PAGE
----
Up early this morning, before Tessa even got started. Was out of the house and on the way to the laundromat early. Ended up spending more time there than planned, because the machine I used was stuck on “rinse” for 15 minutes, and then didn’t spin out properly, so the wash was soaking wet (no sink in the building, no techs). I had to have it in the dryer on high for an hour. I put a note on the machine, so that no one else has to go through this.

I brought the pages done so far on The Big Project with me, and worked on them while at the laundromat. I got a lot done.

Home to find more seeds are sprouting. It’s very exciting.

Today’s list items include work on The Big Project, revisions on CAST IRON MURDER, another revision of the grant proposal, putting information up on the website, a polish on the newsletter, and a script coverage. I might do some more contest entries, if I get the chance.

It’s supposed to start warming up again over the next few days. Let’s hope this was winter’s last gasp, and I can get the seedlings out on the front porch, and set up the enchanted garden on the back balcony sooner rather than later.

Have a good one.

Thurs. March 24: Digging into the Creative Work

image courtesy of prettysleepy via pixabay.com

Thursday, March 24, 2022

Waning Moon

Rain/sleet/snow

Wacky weather this morning. It keeps switching from rain to sleet to snow and circling back through. The grass and rooftops have a glaze of white, while the streets are shiny and wet.

There’s a longer than usual post up on Gratitude and Growth, because I was very busy with soil and seeds this week. And here is the corrected link for Ink-Dipped Advice.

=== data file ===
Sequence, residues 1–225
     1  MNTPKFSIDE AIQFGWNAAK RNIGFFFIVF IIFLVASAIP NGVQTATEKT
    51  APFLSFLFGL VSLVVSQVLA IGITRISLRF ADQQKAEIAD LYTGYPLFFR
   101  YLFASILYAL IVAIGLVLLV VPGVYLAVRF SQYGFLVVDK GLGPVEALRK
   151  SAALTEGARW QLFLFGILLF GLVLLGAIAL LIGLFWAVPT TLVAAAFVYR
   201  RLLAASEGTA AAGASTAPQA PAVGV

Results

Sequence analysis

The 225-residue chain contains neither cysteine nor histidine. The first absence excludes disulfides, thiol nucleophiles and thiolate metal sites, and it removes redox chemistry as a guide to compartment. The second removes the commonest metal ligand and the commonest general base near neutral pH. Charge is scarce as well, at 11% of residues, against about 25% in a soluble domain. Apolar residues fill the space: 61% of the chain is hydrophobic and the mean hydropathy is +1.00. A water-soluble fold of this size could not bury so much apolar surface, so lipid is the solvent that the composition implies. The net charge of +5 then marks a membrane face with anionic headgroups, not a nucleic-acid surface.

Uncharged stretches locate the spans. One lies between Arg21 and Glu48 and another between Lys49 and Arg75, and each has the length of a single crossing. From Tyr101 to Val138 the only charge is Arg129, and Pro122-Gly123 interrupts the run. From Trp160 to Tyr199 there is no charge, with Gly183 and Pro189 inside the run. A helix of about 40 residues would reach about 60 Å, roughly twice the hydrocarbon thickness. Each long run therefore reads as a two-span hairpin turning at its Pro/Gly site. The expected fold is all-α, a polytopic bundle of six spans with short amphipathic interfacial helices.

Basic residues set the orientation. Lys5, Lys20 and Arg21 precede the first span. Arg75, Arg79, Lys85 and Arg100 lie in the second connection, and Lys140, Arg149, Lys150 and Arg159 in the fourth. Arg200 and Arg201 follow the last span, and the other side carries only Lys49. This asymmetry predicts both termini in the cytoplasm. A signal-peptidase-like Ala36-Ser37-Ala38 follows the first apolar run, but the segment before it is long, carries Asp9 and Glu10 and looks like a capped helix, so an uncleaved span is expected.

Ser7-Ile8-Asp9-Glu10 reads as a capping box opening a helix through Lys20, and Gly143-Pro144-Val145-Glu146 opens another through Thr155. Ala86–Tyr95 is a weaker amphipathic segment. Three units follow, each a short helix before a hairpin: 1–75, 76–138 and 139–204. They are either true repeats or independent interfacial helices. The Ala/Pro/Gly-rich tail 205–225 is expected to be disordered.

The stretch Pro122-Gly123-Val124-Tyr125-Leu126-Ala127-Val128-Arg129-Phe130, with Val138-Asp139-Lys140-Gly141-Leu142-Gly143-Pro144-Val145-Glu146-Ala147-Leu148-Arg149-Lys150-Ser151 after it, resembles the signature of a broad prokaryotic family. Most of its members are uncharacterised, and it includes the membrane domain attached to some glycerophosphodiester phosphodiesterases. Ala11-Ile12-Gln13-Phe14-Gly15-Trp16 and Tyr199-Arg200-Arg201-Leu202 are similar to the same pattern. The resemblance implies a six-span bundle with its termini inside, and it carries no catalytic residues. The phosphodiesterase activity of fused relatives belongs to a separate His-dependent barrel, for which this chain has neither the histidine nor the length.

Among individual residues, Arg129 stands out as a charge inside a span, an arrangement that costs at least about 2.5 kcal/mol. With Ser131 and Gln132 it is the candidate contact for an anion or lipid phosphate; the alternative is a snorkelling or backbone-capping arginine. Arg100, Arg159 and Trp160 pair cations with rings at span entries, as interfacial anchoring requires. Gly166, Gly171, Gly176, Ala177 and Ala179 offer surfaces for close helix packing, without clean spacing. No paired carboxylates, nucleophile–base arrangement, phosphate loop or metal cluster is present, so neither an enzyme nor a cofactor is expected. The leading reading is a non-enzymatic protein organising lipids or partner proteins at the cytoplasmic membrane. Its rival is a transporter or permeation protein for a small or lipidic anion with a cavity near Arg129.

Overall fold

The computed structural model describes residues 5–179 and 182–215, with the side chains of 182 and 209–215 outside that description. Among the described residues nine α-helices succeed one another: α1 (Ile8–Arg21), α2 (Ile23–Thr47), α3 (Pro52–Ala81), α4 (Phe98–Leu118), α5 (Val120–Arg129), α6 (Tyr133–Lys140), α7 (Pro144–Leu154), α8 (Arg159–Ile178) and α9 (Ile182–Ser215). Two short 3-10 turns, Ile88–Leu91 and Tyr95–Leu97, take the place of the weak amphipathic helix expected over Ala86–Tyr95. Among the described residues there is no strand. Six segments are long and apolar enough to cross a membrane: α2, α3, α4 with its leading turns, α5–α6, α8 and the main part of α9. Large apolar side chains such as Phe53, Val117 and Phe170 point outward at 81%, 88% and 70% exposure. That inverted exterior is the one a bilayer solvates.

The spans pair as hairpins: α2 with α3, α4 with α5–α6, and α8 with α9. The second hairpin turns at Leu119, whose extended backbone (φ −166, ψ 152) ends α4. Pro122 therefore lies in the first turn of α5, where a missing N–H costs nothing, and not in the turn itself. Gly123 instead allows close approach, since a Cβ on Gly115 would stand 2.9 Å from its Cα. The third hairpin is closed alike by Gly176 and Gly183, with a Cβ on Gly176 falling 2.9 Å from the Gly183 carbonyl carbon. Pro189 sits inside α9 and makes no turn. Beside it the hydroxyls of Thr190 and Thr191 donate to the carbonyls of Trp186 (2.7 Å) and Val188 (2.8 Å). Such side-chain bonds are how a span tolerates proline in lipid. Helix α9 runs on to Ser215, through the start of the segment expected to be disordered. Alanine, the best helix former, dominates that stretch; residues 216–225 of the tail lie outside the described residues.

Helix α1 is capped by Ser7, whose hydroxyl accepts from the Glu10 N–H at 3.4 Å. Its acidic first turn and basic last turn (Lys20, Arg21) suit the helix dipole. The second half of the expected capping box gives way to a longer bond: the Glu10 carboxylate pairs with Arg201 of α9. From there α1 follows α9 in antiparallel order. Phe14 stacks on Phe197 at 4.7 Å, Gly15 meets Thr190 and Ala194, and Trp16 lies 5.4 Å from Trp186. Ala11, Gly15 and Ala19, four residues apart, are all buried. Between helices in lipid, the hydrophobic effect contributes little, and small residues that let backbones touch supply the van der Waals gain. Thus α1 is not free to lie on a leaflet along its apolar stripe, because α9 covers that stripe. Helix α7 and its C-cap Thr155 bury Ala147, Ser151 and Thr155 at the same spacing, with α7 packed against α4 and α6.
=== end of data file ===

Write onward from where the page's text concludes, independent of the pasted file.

After returning from the laundromat yesterday, I sat down and started the second draft of CAST IRON MURDER. I rewrote the first three chapters and printed them out. Of course, I found errors when I read them over to update the tracking sheets that will become the Series Bible. But it’s a good start.

I used that momentum to do a bit of work on THE KRINGLE CALAMITY. I thought I’d written 50 pages on it. I wrote 5. I guess what I remember is the outline I wrote. So I have to get back on the stick with that.

I did a little work on The Big Project, but nowhere near enough.

Still, it was a solid, creative morning, and for that I was grateful.

I did some admin in the afternoon. I was delighted that the cat grass seeds arrived. I think this time, I’ve ordered enough to get us through the summer.

Moved seedlings back and forth from the porch as needed. I took the laptop out on the porch and did script coverage out there, because it was so pleasant. Pleasant surroundings mean a higher quality of work.

I signed up for the Dramatists Guild’s End of Play event in April. The last thing I need is to add another deadline to my plate. However, this is when the opportunity came up, and I don’t want to pass on an opportunity to work in company with other playwrights via the Dramatists Guild. I have no idea what I will write yet; be it a stage play or a radio play. I could write the next Kate Warne play; If I read the research material on Squire and Marie Bancroft between now and April 1, I could write that play (which I’d hoped to write for 365 Women this year). Or I might write something completely different. I wasn’t planning any playwrighting in April, so I need to adjust my mindset.